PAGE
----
The development of Ireland into a global technology hub is unquestionable. The proof is evident both qualitatively in the continued growth of the Silicon Docks in Dublin and quantitatively in the continual upward trend in industry job figures.
CSO statistics for the second quarter of 2019 show that 118,000 people work in the tech sector in Ireland. Ireland’s repositioning of itself as a leader in technology has resulted in an increased focus on the teaching of science, technology, engineering, and maths (STEM) subjects in schools.
However, a worrying 2019 report by the STEM Education Review Group of Ireland presented to the Minister for Education and Skills stated that there was a significant drop-off in interest in STEM subjects at Leaving Certificate, especially by females.
This finding is also borne out at higher education, with multiple reports showing that women represent only a small minority of students in STEM courses at third level.
Supply and demand
Despite the introduction and support of various STEM education initiatives to counter this, we are still not seeing a quick enough improvement. More work has to be done to increase the number of students studying STEM subjects both at secondary level and at university.
Inspiring young people to pursue STEM beyond compulsory education and into the workforce is key to addressing the skills gap Ireland is currently facing.
Changes in society and the pace of technological advances are driving up demand for experts in STEM subjects, and unless we meet this demand we are at risk of restricting economic growth.
Consequently, we must find new and interactive ways to engage students, both male and female, in these subjects. Ireland is at full employment and struggling to find skills in many sectors, therefore we need to address the skills gap to maintain economic growth.
From monologue to dialogue
Of the many excellent approaches available to encourage students to pursue a career in STEM, we have found Project Based Learning to be the most effective.
This is reinforced by a survey by us conducted in the UK that found that 87% of teachers of science, maths and technology subjects agree that STEM should be taught with more practical, hands-on examples to bring the subject to life for students.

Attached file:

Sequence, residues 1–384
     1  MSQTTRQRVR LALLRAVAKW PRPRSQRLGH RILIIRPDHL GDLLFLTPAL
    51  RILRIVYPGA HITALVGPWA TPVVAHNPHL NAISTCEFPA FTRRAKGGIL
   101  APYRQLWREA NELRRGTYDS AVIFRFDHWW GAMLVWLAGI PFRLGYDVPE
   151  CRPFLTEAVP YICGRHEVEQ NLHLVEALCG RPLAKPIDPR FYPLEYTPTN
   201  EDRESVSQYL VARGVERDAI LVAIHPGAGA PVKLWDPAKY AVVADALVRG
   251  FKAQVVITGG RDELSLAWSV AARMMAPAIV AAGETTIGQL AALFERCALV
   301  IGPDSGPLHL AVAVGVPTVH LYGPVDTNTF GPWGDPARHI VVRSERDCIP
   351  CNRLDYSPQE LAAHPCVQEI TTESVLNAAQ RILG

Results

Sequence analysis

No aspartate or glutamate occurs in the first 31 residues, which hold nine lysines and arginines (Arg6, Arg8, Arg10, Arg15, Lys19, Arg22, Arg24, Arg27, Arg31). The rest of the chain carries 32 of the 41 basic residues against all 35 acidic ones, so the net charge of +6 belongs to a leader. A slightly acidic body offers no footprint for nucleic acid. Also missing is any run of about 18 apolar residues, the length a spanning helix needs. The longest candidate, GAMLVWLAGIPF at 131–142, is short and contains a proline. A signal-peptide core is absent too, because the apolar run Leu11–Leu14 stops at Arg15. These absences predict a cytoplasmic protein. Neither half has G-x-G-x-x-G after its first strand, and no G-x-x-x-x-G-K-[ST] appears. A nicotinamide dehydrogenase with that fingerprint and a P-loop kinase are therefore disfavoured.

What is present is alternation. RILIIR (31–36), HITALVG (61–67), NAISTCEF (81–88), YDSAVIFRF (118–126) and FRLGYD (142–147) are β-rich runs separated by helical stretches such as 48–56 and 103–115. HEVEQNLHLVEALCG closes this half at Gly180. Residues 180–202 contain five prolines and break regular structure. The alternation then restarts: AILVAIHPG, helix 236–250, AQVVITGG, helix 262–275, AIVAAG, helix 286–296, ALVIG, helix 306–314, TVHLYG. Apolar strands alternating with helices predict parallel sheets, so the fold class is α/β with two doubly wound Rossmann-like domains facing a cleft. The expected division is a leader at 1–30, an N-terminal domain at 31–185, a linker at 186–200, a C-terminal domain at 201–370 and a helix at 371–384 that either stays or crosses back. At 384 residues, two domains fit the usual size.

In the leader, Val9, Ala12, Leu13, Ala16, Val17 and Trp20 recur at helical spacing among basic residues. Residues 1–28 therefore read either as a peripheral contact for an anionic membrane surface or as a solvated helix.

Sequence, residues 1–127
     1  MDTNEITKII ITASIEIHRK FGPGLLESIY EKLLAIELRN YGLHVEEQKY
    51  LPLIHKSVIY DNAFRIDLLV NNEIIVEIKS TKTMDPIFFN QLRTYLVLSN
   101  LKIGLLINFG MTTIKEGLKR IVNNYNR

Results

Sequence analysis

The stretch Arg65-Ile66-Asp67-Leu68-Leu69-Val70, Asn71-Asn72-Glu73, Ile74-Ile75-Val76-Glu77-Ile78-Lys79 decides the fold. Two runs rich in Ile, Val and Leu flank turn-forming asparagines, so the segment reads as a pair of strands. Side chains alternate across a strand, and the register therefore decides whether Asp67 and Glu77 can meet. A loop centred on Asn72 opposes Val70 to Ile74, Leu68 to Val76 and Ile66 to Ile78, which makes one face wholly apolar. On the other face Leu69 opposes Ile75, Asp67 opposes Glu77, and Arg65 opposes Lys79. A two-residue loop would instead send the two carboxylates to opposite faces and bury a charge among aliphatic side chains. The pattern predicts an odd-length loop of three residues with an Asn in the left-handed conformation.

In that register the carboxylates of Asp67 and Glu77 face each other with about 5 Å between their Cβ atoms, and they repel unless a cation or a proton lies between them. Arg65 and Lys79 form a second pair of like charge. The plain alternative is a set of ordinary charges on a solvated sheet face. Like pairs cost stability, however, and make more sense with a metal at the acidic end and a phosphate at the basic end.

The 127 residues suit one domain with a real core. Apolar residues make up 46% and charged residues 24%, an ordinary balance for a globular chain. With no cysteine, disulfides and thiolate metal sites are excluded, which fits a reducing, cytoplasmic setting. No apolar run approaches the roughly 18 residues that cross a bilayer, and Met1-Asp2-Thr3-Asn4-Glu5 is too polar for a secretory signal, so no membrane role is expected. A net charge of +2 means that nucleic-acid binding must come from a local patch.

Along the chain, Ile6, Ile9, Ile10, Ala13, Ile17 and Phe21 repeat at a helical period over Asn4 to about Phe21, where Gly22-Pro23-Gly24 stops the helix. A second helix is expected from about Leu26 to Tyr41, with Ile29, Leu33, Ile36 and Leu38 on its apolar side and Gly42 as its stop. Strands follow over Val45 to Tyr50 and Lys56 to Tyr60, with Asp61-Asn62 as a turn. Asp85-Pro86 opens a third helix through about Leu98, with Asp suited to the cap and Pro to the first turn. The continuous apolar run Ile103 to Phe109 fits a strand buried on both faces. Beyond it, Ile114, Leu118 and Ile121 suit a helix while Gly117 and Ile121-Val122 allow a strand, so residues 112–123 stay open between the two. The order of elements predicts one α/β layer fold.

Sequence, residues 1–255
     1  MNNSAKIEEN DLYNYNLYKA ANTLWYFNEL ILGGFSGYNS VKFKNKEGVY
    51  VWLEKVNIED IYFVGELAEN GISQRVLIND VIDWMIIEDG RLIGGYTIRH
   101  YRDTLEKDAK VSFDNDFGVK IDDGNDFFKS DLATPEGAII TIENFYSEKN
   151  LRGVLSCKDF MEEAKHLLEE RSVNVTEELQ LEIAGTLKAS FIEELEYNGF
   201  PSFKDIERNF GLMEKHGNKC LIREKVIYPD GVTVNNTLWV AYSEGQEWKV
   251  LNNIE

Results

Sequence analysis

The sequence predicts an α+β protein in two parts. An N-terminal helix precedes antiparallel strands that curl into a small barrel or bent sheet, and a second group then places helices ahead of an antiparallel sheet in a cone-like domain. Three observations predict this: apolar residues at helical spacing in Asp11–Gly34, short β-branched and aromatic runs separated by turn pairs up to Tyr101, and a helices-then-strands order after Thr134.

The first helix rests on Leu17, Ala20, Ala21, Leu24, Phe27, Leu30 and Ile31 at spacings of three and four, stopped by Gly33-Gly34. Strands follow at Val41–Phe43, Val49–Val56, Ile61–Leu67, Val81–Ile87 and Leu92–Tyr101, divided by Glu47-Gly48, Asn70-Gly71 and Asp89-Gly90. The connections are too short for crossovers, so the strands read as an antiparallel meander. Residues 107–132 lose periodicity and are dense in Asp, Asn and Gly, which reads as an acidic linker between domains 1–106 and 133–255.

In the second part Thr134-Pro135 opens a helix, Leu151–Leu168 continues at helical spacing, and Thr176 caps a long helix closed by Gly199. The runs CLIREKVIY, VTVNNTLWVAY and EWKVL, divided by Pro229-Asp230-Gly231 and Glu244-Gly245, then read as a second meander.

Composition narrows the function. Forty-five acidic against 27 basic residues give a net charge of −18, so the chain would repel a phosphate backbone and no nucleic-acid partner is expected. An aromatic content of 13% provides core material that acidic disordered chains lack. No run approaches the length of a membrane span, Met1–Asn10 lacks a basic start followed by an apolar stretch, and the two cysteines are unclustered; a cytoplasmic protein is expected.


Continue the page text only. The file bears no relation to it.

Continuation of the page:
Project-based learning allows students to see, hear and touch what would otherwise be completely abstract and gives them a better idea of what a career in STEM might entail on a day-to-day basis.
The approach also allows children to experience first-hand that computing, maths and physics are not only technical but also very creative subjects.
This real-life interaction is one key to capturing their imagination at a young age, helping ensure that students maintain their interest in STEM through school and into higher education.
Another positive of project-based learning is that it can help students to meet current and future industry needs for practical skills and experience.
One way to enable this hands-on learning in a classroom environment is through the incorporation of low-cost technology in the classroom. Specific technological devices can help make classroom tuition more engaging as students can bring theory to life in exciting and interactive ways.
When the students can see what can be achieved, and they participate in creating technology, they become more engaged in STEM subjects while also developing transferrable skills such as team-work, problem-solving and critical thinking.
This, of course, requires a significant shift in policy at Department level and a change in practices at a classroom level, but from our experiences in classrooms throughout the world, the effort is massively worthwhile.
How can businesses help?
While project-based learning might seem like a straightforward solution, barriers such as funding and the time it takes to update the curriculum mean that the government benefits from support from businesses to realise their goals.
Therefore, industry and business have an increasingly key role to play in providing extracurricular support for education.
This is particularly important now at a time where companies are competing for talent and forecasting down the line where skills shortage will develop.
Building on the mantra that ‘you can’t be what you can’t see’, we recognise the importance of putting forward visible female role models involved in the technology industry, as a way of encouraging girls to be confident in pursuing their interest in STEM subjects.
By providing time and resources for female professionals from all backgrounds – be it lab-based, coding, tech support, etc. – businesses can light the spark of inspiration that will result in a greater uptake of STEM subjects by students.
As a society, we must recognise the importance of fostering a positive perception and experience of STEM in schools, from government and businesses to parents and teachers.
With the growing importance of science and technology worldwide, our shared future depends on it.
Dr Coorous Mohtadi is a senior academic technical specialist at MathWorks